With plenty of naysayers and believers, what is the truth about the benefits or harm of the ubiquitous talcum powder we so love to use?
Let’s start with what the main ingredient of talc is. Talc is a soft rock, if you remember geology 101, mainly made up of magnesium, oxygen, and silica. In its natural form, talc contains a little asbestos as well, but the talc used in cosmetics is asbestos free, at least in developed countries. Now if that is the case, why is talc so controversial? In recent years, there have been plenty of lawsuits filed against a very famous talc brand manufacturer with plaintiffs claiming that the talc was causal in giving them cancer. Why? Because it was found adulterated with asbestos, which when inhaled, can cause many ugly forms of cancer. The reason? Mining mix-ups at the site, leading to asbestos-contaminated talc going into cosmetic use.
So, what is talc good for?
The good thing about talc is that it is an inert chemical—which means in itself it creates no chemical reaction when applied, inhaled, or even ingested. So talc, if not adulterated with any other harmful chemical, is not a bad thing at all in most cases, particularly if applied. It’s a great absorbent so it reduces friction and lessens the possibility of skin rashes and irritations. Which is why mothers all over the world use it on their babies, and why it is also used for reducing prickly heat in hot and humid climates. Talc is also an ingredient in many cosmetics like powders, compacts, eye shadows, and powder blush.
But there have been plenty of talc-related cancers, skin lesions, and other rare cases of diseases being increasingly reported all over the world, which means the safety of talc needs far more research than there is now. Since talc brand manufacturers have a lot to lose if this mineral is suddenly declared unfit for human use, it is mostly declared to be safe. If you are getting more and more doubtful about the veracity of this statement, there’s a simple way out. Switch to using homemade talcum powder, minus the talc and the asbestos, that is!
Homemade Baby Powder
Baby powders need to be soft, soothing, and good for the little one you so cherish. If there is even a micro percentage that the store-bought talc you use might turn out to be detrimental to the little one’s health, it’s time you whipped up some homemade talc.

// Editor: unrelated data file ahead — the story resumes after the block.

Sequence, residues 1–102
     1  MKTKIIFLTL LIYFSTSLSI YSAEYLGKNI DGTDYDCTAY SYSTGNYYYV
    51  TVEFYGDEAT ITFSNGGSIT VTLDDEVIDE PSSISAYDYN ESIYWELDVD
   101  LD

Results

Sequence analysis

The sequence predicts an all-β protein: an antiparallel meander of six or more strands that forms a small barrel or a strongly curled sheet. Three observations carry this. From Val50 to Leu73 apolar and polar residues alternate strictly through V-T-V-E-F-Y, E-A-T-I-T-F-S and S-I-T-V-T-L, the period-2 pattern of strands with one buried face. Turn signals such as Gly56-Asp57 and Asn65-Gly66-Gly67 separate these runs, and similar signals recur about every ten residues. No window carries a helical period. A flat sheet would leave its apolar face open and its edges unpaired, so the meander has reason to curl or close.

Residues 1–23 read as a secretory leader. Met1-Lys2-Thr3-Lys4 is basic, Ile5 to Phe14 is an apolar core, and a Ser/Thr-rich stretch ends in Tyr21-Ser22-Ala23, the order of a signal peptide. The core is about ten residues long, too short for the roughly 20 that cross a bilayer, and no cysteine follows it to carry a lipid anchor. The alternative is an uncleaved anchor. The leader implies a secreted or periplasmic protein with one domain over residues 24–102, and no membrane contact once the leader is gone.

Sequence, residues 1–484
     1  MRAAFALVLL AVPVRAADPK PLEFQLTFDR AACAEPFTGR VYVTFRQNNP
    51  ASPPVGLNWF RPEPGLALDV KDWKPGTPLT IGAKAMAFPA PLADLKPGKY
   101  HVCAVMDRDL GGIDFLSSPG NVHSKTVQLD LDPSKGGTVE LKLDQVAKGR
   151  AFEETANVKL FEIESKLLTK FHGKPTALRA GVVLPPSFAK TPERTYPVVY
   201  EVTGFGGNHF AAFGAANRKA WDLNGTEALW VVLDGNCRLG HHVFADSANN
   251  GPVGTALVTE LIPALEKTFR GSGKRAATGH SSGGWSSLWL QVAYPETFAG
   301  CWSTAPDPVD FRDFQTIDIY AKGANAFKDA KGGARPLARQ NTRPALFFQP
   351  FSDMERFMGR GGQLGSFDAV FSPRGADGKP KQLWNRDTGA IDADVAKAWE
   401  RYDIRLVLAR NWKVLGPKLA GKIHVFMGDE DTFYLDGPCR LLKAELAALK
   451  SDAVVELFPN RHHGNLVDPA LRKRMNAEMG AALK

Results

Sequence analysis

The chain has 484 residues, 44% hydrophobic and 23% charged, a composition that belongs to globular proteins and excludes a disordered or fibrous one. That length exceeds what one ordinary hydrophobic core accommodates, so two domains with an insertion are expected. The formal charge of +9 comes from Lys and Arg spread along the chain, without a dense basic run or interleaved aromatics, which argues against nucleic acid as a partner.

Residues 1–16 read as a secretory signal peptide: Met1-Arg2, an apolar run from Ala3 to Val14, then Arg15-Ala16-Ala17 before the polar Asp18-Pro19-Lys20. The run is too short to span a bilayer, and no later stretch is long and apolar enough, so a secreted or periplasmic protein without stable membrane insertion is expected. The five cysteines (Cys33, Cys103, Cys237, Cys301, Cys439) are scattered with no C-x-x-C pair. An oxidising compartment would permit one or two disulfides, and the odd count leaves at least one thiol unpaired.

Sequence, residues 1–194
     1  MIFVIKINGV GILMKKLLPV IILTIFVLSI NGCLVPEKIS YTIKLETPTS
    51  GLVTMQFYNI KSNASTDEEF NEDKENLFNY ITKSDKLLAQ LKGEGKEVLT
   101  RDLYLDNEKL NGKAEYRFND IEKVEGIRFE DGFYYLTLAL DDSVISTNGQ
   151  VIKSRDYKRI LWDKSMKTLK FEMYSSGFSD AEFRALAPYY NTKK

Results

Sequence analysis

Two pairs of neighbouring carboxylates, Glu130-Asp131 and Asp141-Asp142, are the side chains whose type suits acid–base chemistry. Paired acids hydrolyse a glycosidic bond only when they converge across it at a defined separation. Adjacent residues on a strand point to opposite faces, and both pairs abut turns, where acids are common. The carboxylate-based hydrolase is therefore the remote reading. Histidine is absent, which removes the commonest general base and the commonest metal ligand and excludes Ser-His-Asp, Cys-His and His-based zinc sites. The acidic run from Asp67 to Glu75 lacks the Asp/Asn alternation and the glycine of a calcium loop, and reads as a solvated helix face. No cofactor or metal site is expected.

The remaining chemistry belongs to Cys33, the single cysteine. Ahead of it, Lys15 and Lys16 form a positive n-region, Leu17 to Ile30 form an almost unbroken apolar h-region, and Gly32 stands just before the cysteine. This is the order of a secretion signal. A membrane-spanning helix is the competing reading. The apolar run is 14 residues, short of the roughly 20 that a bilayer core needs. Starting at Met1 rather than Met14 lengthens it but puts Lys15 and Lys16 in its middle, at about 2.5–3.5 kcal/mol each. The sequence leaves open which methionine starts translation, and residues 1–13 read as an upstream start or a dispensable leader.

All you need is 1/2 cup arrowroot powder or cornstarch, and 2 tablespoons dried and crushed flower petals (think chamomile or rose). Run this in the mixer well till it all blends down into a smooth powder. Transfer into a jar and use with a cotton pad or puff to avoid too much of the powder flying about and getting into the baby’s lungs.
Homemade Prickly Heat Powder
In medical terms, prickly heat is called miliaria, and it’s also known as sweat rash or heat rash. It typically happens on hot and humid days, especially if you are wearing synthetic fibers that don’t let your skin breathe. It starts with red bumps or welts on the skin that turn itchy or slightly painful to touch. While there are plenty home remedies for it, one of the easiest ways to prevent prickly heat is by wearing cotton fibers that let your skin breathe. And before you dress yourself up in cotton; apply a homemade talc to your body to avoid those itchy skin rashes in the first place.
To make summer-suitable homemade talc, you need 1/2 cup arrowroot powder or cornstarch, to begin with. To this base, you can add a few different things, depending on availability or choice. Choose any one of the following:
Give both your ingredients a good zap in the mixer to achieve a fine powder and store in a jar with a powder puff or cotton pad in place to apply.
If you have any homemade talc recipes up your sleeve, we’d love to hear from you in the comments section below. On that note, wishing you happy and safe summers! And don’t forget that SPF!